2. WorldbyStorm said,

    June 1, 2007 at 11:04 pm

    I really don’t think it’s so awful. Having had a little experience of handling phone calls for a TD the thing that struck me most was the alienation of people from the state and its services such as say Dublin City Council, and the necessity for there to be a mediation by TDs or their staff. In some respects that’s an issue of education, but not exclusively. People feel more comfortable tackling monolithic organisations if they think someone – a third party – is on their side. Sometimes that help can be basic, sorting out times for say a flat to be opened up to remove furniture – sometimes it can be more important still.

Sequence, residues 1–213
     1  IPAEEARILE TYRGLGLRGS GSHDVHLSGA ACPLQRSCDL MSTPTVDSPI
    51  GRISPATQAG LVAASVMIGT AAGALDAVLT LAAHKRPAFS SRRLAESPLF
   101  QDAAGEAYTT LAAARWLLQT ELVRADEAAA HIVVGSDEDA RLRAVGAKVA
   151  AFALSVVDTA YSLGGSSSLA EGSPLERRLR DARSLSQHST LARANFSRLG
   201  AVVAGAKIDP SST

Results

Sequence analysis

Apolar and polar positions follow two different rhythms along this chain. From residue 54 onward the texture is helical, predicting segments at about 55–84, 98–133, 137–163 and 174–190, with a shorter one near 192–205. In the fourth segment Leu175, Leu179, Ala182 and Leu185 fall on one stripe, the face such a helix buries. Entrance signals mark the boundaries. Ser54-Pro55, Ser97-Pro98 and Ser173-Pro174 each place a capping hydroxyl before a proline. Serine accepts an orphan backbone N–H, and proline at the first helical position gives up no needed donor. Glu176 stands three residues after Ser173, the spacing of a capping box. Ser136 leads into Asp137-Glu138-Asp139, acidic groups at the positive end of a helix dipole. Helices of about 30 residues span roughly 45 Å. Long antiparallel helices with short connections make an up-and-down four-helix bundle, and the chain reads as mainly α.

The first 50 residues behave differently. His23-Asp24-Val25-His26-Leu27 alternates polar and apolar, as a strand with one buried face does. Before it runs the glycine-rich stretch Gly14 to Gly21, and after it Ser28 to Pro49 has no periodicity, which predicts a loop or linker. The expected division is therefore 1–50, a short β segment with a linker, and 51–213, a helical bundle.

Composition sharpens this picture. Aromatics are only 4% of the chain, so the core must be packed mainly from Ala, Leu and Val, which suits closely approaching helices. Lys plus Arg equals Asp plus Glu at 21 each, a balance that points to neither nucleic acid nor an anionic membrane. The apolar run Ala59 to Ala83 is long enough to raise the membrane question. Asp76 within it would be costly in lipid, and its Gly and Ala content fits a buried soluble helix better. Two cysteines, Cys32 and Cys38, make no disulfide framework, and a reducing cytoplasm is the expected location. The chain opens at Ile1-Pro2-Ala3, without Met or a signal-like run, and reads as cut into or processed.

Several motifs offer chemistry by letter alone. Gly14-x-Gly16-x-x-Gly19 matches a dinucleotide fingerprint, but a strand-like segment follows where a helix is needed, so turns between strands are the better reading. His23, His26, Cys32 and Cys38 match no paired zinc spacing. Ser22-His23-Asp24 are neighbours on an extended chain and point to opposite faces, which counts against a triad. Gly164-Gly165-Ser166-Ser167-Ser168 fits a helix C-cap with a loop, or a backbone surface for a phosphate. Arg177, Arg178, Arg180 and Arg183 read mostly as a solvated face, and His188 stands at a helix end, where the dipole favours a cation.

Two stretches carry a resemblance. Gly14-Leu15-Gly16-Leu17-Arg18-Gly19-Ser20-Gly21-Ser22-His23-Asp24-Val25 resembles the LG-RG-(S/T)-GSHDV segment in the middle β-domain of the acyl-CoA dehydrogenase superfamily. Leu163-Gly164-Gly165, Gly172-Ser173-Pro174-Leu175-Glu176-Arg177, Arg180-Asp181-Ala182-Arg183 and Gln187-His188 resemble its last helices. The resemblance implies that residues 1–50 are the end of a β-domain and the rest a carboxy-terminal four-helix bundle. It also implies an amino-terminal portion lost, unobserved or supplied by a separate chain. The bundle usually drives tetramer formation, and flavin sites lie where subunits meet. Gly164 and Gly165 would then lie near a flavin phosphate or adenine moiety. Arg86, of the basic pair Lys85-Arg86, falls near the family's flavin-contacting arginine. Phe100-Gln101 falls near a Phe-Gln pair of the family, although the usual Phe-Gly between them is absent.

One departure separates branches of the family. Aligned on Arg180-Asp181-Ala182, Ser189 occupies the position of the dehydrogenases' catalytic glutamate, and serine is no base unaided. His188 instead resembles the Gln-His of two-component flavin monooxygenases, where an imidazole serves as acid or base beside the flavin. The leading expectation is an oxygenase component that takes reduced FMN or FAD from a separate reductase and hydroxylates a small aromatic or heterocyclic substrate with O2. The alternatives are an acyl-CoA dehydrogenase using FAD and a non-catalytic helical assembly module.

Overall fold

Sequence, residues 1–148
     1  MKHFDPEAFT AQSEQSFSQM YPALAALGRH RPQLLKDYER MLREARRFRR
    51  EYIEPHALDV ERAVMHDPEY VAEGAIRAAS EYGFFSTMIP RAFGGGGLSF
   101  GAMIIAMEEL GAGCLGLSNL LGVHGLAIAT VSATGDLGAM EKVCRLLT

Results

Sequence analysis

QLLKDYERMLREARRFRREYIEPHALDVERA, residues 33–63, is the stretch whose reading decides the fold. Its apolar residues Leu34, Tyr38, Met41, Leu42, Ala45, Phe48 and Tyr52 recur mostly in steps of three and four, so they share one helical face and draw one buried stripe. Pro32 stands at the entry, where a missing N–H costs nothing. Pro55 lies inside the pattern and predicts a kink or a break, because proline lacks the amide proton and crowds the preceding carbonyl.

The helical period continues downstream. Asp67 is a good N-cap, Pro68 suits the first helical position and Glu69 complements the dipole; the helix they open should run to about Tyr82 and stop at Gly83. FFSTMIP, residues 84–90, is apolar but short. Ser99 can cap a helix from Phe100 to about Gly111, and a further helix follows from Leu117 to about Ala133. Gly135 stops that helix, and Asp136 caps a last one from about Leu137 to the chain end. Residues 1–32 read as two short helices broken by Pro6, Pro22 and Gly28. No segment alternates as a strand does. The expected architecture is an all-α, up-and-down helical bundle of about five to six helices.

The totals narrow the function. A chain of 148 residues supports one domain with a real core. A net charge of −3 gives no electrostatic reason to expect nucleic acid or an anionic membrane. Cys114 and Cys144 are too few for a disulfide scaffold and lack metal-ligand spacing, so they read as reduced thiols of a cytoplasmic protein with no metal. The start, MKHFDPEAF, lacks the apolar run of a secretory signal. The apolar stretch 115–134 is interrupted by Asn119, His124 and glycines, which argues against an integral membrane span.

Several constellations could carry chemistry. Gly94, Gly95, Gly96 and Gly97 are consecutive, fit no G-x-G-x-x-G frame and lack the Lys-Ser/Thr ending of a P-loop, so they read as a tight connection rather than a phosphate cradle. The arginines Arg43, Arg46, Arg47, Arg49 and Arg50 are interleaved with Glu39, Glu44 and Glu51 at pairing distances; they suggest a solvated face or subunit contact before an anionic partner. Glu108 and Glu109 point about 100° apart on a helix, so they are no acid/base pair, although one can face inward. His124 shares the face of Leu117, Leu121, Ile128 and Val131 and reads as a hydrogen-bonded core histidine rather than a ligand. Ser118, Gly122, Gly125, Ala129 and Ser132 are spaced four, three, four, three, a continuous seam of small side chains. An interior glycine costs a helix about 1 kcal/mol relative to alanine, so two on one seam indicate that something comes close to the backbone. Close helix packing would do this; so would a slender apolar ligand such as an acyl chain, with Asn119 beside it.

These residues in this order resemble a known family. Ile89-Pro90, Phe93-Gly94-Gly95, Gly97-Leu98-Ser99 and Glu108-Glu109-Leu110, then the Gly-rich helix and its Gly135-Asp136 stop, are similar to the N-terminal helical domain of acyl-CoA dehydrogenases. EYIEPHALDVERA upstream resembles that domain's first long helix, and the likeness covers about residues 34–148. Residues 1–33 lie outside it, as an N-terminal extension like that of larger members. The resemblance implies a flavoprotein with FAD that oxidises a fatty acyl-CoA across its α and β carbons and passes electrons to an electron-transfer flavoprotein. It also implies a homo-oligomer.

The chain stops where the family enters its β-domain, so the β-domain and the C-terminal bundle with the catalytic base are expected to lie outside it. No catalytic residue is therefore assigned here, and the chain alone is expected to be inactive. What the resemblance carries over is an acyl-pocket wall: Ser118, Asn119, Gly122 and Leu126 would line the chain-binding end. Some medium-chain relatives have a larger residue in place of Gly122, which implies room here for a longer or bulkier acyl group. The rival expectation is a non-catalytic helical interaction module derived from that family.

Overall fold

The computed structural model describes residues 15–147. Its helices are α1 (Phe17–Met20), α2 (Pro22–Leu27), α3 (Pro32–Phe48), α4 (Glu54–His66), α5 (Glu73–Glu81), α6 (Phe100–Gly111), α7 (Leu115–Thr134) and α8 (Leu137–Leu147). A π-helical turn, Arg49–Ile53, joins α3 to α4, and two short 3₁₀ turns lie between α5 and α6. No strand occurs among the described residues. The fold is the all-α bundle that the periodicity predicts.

I can understand a left TD seeing it as a necessary link into those s/he represents. After all, it’s not about meetings, it’s about people and enabling them. If they think the TD is on their side that gives them at least a little more confidence to tackle those who try to shape their lives.

  3. Wednesday said,

    June 2, 2007 at 5:49 am

    WBS, the point is that this shouldn’t be the role of a “national” parliamentarian. They’re supposed to be legislators and their job is to legislate. They don’t have time to do that properly because of all the constituency stuff – most of which involves trying to help people get things that should be theirs as of right. It also means that Fianna Fáil have free reign to keep implementing awful policies that wind up hurting people in the long run, because the electorate isn’t basing their vote on policies.

  4. Wednesday said,

    June 2, 2007 at 6:03 am

    This kind of sums it up, I think. Not even a mention of who the party is, or what sort of political outlook the person will need to promote. I wouldn’t think that would be a minor detail.

  5. WorldbyStorm said,

    June 2, 2007 at 8:28 am